The gun centre forward was known for his ability to control the ball and set up play up front in 240 Premier League appearances with Leeds, Middlesbrough and Newcastle United.
The big fella banged in 92 goals in that time, with some serious highlights to boot. None of those were greater than the day he fired in all four goals in Leeds 4-3 win over Liverpool. It’s always good when Liverpool loses, especially at the hands (or feet) of an Australian. Viduka scored 11 goals in 43 appearances for the Socceroos.
Big Duke retired from professional football in 2009.
Many felt he was our greatest international representative before Cahill came along and stole the show. That’s probably why he left the Everton great out of his best Socceroo team of all time.
But, while his judgement might have been affected, there’s no arguing with his ability. Kewell was a superstar, both in international and Premier League play.
The leader of Australia’s ‘Golden Generation’ Kewell debuted for Leeds as a teen and is still the only Australian who owns a UEFA Champions League title. He won the FA Cup after he moved to Liverpool when Leeds struck money troubles and, despite always seeming to battle injury, he was considered the most naturally talented player ever to step on the pitch for Australia.
He struck 45 times in 181 appearances for Leeds, making him one of the club’s best attacking midfielders ever.
Bozza is now better known as the friendly face on Fox Sports’ English Premier League coverage nowadays, but did you know he was once one of the most controversial figures in the Premier League?
You don’t get signed as the number one goal keeper for power house Manchester United if you don’t have talent oozing out of you. And Bosnich was arguably the best Australian goal keeper ever.
He had two stints at United as well as a lengthy stay at Aston Villa, where he made 179 appearances. His time at Chelsea was cut short when he failed a drug test and was banned for nine months.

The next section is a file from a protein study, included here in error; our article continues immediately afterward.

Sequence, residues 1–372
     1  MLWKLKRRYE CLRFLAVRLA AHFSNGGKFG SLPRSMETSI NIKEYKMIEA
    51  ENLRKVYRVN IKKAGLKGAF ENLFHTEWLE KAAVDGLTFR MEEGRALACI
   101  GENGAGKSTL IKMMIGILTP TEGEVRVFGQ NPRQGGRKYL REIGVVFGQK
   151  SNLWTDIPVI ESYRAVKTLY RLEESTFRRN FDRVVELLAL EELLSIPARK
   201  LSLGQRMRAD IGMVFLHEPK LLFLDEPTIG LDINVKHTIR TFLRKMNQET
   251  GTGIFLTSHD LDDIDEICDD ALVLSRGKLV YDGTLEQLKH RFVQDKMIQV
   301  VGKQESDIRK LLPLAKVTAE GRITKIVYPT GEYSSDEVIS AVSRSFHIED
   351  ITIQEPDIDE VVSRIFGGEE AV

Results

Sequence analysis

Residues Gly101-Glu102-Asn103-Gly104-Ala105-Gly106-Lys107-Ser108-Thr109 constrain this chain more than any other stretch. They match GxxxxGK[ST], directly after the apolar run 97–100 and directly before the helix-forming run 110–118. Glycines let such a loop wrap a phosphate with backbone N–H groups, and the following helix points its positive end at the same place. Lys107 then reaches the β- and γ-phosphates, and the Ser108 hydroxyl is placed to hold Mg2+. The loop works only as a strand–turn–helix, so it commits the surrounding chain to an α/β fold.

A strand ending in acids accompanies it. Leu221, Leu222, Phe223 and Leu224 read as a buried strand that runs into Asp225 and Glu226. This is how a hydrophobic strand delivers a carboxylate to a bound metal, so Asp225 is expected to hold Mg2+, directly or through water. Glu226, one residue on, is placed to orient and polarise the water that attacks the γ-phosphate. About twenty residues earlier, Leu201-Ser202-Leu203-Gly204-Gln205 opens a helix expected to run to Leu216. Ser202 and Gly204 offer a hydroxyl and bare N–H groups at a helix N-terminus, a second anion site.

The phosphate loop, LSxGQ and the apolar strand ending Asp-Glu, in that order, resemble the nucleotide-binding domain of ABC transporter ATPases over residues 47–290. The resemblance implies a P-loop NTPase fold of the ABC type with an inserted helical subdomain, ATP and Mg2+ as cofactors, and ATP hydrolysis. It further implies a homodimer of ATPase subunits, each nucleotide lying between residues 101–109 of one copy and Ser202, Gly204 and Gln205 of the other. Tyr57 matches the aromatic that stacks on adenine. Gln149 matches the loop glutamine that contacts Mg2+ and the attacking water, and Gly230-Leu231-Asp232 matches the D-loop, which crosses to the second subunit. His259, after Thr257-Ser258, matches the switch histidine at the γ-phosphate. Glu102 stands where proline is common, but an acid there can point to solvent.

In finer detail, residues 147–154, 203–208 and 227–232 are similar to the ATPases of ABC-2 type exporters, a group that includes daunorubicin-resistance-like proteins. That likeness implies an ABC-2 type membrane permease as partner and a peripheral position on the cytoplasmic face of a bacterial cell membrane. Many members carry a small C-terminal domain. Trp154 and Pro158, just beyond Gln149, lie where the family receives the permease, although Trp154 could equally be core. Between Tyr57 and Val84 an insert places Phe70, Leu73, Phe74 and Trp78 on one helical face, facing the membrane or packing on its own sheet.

He won the Premier League title with United, but was later called a “terrible professional” by none other than legendary manager Sir Alex Ferguson. Bozza, always quick witted, retorted: “The fact remains that I was the only player he signed twice at Manchester United. I’m honoured to be mentioned. He’s entitled to his view and I’m entitled to mine.”
The rumble is former Socceroos’ captain Lucas Neill could be returning to Australia – in the New South Wales National Premier League. Not the sort of place you’d expect a guy who spent 10 years in the English Premier League to bob up, but we guess that’s what happens when you’re 37.
Neill was known as one of our toughest players and captained the country for a long period after Mark Viduka passed on the job in 2006. He has given great service as a defender with Blackburn Rovers, West Ham and Everton in the English Premier League.
Neill spent the 2014 season with Watford, which has just made it back in the top flight, but hasn’t been seen on a football deck for over a year.
Australia’s third most capped international player enjoyed a long Premier League stint with Blackburn Rovers.
He made 247 appearances with Rovers after crossing from Feyenoord in 2003 and scored 13 goals for the club.
The AIS product was so loved at Ewood Park that the club let him out of the last year of his contract without financial penalty so he could return home and play for Sydney FC in the twilight of his career.
Bozza’s partner in crime on the Fox Sports commentary team, Robbie Slater was actually born in the UK but played for the Socceroos.
Slater hopped to four teams in England, spending time with Blackburn Rovers, West Ham United, Southampton and Woverhampton Wanderers. But his finest moment in football will forever be his English Premier League title with Blackburn Rovers.
“Looking back, it’s unbelievable! If you play for long enough in the Premier League but don’t win it of course you’ve had a a great career — look at Timmy Cahill, a Premier League legend, Harry as well. But it’s a great thing that I can look back on, and Bozza as well. It’s special. I was lucky to move at the right time and right circumstances. OK I didn’t play every game but we only used 17 players. I was an integral part of it, finished with six or seven assists and hit the post four or five bloody times!”